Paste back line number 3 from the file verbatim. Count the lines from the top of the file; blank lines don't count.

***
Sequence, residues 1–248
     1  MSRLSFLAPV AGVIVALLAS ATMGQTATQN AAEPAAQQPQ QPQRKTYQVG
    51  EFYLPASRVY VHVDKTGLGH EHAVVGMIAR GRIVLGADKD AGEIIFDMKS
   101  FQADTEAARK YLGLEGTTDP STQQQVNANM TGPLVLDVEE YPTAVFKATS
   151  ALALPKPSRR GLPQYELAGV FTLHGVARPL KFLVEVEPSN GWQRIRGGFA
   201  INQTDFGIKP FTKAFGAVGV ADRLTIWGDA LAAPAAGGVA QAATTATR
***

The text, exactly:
    51  EFYLPASRVY VHVDKTGLGH EHAVVGMIAR GRIVLGADKD AGEIIFDMKS